For this reason, I would advise you against buying all three of the knives you mention while in Japan. I would suggest instead that you buy one knife as a souvenir of your trip, but one that might happen to be useful in the kitchen. Brands to look for are Aritsugu, Monzaburo and Masamoto.

    You should understand that the traditional Japanese knife styles (usuba, deba, kiritsuke, yanagiba/takobiki) were designed for the techniques of preparing traditional Japanese cuisine. They are far less suited for the tasks of a Western kitchen, and you will find using them for that purpose can be a frustrating experience.

    For example, the yanagiba excels in producing thin slices of raw fish, but is hardly the tool of choice for carving a turkey or slicing a roast. The usuba is an excellent tool for katsuramuki, but does not perform as well in dicing onions or slicing tomatoes as a Western chef's knife. Unless you are planning a complete change of your cuisine from Western to Eastern, put aside the notion of getting a set of traditional Japanese knives to use in your Western kitchen.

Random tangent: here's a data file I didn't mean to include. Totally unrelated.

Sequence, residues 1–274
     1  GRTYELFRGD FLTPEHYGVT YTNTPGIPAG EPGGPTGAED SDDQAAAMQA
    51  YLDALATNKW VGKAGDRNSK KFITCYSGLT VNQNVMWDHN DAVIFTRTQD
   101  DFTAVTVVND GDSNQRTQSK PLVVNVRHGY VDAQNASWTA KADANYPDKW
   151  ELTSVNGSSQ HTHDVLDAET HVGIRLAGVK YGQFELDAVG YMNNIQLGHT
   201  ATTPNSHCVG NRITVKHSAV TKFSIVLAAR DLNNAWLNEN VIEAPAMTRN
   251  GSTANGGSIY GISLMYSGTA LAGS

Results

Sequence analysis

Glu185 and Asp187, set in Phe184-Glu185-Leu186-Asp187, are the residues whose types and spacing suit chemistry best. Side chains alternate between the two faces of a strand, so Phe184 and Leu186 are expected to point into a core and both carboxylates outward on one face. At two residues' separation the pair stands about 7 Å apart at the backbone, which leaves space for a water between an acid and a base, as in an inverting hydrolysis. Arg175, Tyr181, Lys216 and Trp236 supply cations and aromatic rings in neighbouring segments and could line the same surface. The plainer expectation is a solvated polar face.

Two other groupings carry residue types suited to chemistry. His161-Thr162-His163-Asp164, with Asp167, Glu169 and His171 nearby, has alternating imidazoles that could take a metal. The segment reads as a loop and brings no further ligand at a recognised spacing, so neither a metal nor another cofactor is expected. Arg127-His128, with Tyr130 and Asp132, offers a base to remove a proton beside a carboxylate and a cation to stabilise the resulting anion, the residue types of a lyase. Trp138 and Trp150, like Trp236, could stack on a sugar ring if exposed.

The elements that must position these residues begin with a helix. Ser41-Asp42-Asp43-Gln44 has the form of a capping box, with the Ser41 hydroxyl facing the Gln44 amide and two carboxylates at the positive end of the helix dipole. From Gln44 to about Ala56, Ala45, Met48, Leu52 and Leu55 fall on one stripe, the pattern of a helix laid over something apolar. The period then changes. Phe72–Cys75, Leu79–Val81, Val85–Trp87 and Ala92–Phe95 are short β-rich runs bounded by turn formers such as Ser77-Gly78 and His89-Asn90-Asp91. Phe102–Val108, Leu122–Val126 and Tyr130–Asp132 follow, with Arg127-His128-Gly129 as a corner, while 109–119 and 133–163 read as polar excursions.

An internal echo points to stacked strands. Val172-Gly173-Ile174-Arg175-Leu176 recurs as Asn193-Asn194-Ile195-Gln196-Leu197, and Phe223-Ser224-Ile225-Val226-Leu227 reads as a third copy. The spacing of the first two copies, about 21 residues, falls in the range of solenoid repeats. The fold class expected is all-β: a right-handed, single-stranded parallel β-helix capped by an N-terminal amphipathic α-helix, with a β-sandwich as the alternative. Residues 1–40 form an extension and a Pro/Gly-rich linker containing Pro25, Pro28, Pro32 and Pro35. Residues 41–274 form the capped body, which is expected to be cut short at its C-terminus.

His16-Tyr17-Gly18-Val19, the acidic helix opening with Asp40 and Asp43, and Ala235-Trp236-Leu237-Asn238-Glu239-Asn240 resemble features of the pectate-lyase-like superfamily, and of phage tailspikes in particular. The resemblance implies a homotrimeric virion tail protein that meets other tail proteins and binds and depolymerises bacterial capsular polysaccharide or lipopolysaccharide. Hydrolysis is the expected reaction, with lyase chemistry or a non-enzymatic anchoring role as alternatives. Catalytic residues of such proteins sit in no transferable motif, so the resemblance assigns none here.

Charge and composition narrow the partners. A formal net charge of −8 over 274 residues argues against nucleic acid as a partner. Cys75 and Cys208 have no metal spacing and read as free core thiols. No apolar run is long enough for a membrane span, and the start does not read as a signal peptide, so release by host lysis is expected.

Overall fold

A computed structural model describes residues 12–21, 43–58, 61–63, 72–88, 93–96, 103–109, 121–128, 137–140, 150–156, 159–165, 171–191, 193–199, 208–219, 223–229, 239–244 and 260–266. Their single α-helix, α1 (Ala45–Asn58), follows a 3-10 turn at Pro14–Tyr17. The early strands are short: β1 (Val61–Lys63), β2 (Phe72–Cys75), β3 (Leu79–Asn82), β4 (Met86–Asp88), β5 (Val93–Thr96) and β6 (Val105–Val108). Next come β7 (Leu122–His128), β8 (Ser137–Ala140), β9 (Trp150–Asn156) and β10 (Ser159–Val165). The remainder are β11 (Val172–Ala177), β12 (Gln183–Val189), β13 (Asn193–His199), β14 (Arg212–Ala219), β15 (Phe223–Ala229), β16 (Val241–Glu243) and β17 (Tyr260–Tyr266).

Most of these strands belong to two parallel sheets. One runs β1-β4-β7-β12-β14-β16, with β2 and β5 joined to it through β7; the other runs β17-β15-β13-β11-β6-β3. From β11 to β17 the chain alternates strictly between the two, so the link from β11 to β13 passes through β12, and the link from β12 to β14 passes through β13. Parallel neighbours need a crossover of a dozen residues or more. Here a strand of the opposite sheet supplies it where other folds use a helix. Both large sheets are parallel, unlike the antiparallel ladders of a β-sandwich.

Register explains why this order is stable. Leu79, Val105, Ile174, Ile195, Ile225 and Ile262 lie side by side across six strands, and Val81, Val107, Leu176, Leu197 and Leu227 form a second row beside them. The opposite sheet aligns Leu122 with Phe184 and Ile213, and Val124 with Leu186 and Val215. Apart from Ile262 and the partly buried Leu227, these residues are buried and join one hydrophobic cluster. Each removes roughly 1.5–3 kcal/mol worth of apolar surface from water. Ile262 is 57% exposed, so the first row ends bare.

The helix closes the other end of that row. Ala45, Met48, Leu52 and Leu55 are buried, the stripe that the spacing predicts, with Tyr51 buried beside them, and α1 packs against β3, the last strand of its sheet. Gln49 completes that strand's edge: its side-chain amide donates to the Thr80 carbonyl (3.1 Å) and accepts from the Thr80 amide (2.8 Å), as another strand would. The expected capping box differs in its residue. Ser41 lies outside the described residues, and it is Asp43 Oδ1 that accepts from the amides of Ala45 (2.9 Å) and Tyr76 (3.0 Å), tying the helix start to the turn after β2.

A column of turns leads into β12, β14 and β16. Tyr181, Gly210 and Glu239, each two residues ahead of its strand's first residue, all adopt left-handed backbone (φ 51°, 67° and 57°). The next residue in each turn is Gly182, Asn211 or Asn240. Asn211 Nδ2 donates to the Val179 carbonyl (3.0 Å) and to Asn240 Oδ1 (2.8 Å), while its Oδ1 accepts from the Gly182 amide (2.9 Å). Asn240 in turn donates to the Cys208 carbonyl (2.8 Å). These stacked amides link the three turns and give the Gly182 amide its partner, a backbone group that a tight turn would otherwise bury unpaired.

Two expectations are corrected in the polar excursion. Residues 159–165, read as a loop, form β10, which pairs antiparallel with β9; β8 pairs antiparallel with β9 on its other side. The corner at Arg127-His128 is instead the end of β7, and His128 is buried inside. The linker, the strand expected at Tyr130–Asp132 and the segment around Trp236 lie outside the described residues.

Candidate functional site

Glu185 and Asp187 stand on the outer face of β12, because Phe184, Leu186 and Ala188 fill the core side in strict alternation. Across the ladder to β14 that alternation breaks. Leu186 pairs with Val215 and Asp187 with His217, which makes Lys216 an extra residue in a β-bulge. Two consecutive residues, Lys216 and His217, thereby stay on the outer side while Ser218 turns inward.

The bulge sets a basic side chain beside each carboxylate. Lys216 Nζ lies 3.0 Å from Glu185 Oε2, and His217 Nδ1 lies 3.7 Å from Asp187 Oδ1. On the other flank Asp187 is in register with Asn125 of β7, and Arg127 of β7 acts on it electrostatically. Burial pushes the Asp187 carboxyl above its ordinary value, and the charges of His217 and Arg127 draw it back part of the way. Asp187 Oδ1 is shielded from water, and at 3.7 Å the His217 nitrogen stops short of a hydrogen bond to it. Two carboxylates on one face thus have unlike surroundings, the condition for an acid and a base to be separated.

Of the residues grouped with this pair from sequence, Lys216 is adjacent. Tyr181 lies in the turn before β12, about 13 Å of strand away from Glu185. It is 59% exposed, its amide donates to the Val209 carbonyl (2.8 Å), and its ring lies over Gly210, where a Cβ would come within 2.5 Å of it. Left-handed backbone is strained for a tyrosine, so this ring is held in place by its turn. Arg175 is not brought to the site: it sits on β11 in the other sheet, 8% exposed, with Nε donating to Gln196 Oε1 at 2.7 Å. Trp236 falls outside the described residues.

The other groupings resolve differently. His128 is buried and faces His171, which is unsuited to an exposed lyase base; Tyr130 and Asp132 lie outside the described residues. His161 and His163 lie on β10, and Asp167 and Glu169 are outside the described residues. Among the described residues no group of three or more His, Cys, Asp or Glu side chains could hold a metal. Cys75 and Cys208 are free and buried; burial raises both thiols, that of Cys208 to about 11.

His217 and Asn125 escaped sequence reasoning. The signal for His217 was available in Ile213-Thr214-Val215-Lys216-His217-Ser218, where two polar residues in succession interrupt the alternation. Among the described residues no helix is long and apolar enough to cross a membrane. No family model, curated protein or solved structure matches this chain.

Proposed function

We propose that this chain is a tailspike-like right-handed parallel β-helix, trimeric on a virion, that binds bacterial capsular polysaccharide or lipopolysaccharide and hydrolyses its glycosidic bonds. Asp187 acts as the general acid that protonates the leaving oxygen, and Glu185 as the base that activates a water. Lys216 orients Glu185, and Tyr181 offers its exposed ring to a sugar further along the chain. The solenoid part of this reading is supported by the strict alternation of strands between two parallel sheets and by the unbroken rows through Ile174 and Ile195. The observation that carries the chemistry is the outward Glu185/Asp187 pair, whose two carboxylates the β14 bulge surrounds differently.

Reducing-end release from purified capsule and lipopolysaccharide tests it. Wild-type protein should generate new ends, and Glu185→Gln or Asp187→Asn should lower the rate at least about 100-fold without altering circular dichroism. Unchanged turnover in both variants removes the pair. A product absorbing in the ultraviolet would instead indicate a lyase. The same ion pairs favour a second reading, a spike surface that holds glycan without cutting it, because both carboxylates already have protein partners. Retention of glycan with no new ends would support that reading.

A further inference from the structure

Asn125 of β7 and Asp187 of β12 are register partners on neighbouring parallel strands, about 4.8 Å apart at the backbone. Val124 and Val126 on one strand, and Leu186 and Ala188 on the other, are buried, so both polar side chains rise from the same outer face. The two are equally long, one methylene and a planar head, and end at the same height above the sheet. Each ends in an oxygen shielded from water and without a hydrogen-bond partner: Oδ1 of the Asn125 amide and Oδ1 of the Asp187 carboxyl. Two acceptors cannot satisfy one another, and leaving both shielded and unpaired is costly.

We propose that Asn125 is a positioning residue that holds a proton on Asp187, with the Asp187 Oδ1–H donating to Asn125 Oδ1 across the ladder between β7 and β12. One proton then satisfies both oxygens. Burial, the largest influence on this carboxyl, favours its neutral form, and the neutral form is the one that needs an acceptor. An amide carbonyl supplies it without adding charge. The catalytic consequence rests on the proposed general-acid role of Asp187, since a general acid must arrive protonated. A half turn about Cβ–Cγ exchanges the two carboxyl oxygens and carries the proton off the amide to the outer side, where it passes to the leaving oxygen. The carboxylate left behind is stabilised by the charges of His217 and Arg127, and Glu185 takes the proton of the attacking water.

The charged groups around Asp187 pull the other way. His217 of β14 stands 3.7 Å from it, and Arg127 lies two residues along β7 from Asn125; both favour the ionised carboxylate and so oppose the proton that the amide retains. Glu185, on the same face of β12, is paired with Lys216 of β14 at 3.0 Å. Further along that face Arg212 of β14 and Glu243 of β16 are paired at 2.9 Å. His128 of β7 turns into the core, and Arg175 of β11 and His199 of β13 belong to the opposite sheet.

What I think you need to outfit a Western kitchen is the Japanese equivalent of Western knife styles. The gyuto is the rough equivalent of a chef's knife; the sujihiki is the equivalent of a slicing or carving knife; the petty, or petit gyuto, is a long paring knife. The nakiri is unique, in that there is no Western counterpart, but it is an excellent vegetable knife.

    From your original post, a nakiri or gyuto, a petty, and a sujihiki would serve you well. You may want to ask Jon Broida of Japanese Knife Imports to suggest some choices. You are close enough to LA to consider a trip there to see the knives in person.